Gold miner Cliff Tracy wants to dig in again on critical salmon stream in southwest Oregon

Published: Tuesday, June 21, 2011, 5:08 PM     Updated: Wednesday, June 22, 2011, 12:28 PM
 By Scott Learn, The Oregonian

Say this for Oregon gold miner Cliff Tracy: He's persistent. 

In 2009, Tracy was convicted on a misdemeanor charge of illegally mining on U.S. Forest Service land next to a critical salmon stream in southwest Oregon. 

Now, he has applied to mine at the same spot again, and the Forest Service says his prior conviction won't factor in to their evaluation of his new proposal. Neither will the $24,000 of taxpayer money spent to reclaim the site, even though Tracy's mining will at least initially undo the work. 

Tracy, 39, has tried since 1996 to mine on the 5-acre site next to Sucker Creek, and says his right to mine on public lands is guaranteed by the law that helped settle the West: the federal General Mining Act of 1872.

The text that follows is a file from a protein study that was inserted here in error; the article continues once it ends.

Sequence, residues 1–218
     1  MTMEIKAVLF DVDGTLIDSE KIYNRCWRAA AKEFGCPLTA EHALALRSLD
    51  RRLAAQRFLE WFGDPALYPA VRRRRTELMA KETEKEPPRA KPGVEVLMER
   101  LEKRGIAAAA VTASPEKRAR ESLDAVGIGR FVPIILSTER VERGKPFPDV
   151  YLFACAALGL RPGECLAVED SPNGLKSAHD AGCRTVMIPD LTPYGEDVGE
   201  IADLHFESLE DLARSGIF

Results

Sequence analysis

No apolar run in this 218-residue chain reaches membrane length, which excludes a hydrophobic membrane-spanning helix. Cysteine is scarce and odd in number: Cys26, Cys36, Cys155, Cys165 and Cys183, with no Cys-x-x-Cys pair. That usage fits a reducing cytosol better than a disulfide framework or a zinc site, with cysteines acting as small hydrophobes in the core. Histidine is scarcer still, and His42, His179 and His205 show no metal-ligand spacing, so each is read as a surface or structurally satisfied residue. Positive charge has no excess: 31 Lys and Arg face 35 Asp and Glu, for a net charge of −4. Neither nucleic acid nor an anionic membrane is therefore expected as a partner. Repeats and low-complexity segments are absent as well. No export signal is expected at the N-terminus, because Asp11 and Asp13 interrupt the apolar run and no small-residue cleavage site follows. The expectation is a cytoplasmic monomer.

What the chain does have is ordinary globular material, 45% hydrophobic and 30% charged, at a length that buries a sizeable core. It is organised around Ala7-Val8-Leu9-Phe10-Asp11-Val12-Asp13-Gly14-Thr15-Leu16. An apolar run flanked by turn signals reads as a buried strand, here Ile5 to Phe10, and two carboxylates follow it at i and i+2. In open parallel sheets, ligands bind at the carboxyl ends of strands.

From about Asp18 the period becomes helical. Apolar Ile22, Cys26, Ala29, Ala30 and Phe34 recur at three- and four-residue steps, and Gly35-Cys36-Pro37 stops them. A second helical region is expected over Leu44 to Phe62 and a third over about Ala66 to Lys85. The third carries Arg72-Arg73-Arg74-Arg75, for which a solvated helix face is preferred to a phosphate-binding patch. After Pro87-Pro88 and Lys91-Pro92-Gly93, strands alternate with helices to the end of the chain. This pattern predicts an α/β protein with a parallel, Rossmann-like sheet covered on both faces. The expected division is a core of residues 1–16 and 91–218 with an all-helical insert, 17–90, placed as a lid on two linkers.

With the price of gold at all-time highs, about $1,500 an ounce, Tracy says the Forest Service and Bureau of Land Management can get today's miners to restore old-timer mining sites like the ones that line Sucker Creek. If the agencies continue stalling permits, he says, they risk more miners taking matters into their own hands. 

"The cause I'm promoting here is not anarchy," Tracy says. "I have been trying to work with them for 14 years, and I'm still willing to cooperate." 

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